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Article of Volume 8, Issue 3, September 2013

Collaborative learning at CSCL 2013

Authors: Gerry Stahl, Nancy Law, Friedrich Hesse

Citation: Stahl, G., Law, N., & Hesse, F. (2013) Collaborative learning at CSCL 2013. ijcscl 8 (3), pp. 267-269

DOI: 10.1007/s11412-013-9171-6

Preprint: Acrobat-PDF stahl_law_hesse_8_3.pdf

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International Journal of Computer-Supported Collaborative Learning 8 (3): 2013

Collaborative Learning at CSCL 2013

Gerry Stahl, Nancy Law & Friedrich Hesse


In Madison, Wisconsin, USA, with its Northern European heritage, collaborative learning is fueled by brats and beer. At the international CSCL conference in June, there were many formal and informal opportunities to build knowledge about our field with colleagues from around the world while sipping drinks on the shores of the sunny lakes, along the vibrant college-town avenues, or in the university halls.

The intense week of interaction began—at least for some—with a daylong retreat of the ISLS Board. Discussion focused on plans for increasing the impact of the CSCL and Learning Sciences research community globally. A more interactive website is imminent and increased outreach to communities that are just discovering CSCL is planned. Efforts to increase access to the contents of the journals—ijCSCL and JLS—as well as conference papers and the CSCL book series are underway.

The pre-conference began the next day with a variety of well-attended workshops. One was on interactional resources spanning multiple levels of analysis in CSCL settings—as discussed in the three preceding issues of ijCSCL. Another of especially general interest was a workshop on creating a cyber-infrastructure that can support engagement by multiple researchers in working toward answers to important theory-driven research questions for design-based research. As always, the doctoral consortium and early career workshops were valuable for the many mentors as well as the participants.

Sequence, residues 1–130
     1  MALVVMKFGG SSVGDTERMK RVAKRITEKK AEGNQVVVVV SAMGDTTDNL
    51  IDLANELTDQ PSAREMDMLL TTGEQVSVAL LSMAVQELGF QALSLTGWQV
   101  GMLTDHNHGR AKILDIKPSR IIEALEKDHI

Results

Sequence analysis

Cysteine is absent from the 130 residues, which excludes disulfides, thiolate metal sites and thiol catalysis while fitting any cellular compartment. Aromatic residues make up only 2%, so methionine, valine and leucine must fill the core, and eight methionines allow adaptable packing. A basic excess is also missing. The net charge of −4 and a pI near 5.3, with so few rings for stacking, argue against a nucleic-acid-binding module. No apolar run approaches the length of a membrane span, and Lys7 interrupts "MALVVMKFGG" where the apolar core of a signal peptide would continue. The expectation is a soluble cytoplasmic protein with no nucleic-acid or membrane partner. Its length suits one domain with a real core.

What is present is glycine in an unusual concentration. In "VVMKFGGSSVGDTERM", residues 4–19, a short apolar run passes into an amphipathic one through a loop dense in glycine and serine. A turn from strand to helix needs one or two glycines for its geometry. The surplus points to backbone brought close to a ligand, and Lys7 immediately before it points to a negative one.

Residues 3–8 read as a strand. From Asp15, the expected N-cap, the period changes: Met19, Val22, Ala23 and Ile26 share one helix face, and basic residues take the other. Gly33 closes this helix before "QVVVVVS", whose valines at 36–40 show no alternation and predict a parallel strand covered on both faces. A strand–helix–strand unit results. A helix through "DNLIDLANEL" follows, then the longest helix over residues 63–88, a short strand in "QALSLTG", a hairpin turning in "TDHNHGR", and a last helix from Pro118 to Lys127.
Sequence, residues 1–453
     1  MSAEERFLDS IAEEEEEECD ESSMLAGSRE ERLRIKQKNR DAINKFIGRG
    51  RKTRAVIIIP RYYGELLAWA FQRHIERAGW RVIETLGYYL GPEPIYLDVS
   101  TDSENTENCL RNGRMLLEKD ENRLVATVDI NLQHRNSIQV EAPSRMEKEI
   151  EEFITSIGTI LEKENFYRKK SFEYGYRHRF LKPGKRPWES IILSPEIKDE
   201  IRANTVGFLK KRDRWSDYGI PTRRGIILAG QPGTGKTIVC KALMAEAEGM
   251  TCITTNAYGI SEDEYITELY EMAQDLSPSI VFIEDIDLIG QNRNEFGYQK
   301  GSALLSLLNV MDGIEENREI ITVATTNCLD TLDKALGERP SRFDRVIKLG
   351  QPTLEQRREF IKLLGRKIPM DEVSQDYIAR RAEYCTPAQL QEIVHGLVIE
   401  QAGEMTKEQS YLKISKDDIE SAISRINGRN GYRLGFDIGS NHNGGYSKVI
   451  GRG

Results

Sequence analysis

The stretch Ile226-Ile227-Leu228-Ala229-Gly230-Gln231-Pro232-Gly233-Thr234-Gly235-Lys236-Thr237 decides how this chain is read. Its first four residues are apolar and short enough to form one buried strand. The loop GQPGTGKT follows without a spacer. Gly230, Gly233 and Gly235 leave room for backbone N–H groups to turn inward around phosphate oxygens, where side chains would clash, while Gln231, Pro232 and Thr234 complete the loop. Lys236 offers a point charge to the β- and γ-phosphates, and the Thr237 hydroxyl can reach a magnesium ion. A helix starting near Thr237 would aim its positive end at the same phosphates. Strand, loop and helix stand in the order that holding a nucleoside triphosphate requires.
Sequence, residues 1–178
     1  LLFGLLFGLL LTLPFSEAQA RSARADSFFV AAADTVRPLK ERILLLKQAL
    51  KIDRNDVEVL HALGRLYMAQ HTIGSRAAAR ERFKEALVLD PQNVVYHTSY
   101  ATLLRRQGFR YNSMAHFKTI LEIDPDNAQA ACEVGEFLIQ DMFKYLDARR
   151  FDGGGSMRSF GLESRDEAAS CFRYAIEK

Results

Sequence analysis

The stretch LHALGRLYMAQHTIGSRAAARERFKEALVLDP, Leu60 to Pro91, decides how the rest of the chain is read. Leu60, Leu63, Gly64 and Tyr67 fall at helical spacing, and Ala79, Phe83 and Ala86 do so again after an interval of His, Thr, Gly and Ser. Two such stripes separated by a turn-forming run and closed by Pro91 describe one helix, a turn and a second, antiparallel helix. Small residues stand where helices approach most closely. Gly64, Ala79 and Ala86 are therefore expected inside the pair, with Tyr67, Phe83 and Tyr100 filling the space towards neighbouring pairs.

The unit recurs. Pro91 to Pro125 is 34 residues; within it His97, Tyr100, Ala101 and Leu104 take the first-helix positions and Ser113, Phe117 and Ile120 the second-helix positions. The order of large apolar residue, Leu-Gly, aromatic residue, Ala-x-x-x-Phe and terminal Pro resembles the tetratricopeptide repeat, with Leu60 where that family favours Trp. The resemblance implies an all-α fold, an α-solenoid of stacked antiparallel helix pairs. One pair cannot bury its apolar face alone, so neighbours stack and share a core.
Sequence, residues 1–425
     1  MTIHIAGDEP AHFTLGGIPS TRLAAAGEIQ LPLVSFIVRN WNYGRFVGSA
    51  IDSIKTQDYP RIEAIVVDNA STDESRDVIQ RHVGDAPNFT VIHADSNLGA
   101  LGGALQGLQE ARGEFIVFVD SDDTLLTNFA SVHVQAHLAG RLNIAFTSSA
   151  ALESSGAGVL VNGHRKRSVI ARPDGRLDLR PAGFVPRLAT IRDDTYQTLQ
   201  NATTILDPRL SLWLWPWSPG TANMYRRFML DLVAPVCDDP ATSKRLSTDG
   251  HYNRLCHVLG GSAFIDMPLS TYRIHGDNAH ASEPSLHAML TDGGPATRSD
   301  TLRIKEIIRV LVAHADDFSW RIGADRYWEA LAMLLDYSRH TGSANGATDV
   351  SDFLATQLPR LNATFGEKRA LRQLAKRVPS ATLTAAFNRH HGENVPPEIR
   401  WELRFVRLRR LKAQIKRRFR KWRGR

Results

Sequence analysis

The following day began with half-day workshops. We three attended one that seemed particularly promising for the field of CSCL. The international PISA test—which rates student math, science, and reading skills in over 70 countries around the world—is planning to introduce measures of collaborative problem-solving skills in 2015. This could mean that students, parents, teachers, schools, and policy makers in many countries will urgently want to know about collaborative learning. In fact, the test will be computer supported, having students tested through interacting with a computer system. This workshop was the first time that the framework for measuring collaborative problem solving in the PISA tests was made public. Fortunately, a number of CSCL and Learning Sciences researchers are closely involved in this effort and are committed to making the process as public as possible. The debates and discussion during the workshop raised important theoretical and methodological challenges to measuring collaborative problem solving, and there is general agreement that such open communication between the CSCL and the psychometric communities is beneficial to advances in both large-scale assessment methodologies as well as in our understanding of collaborative learning and problem solving. We welcome submissions to ijCSCL on the PISA approach and its implications for CSCL.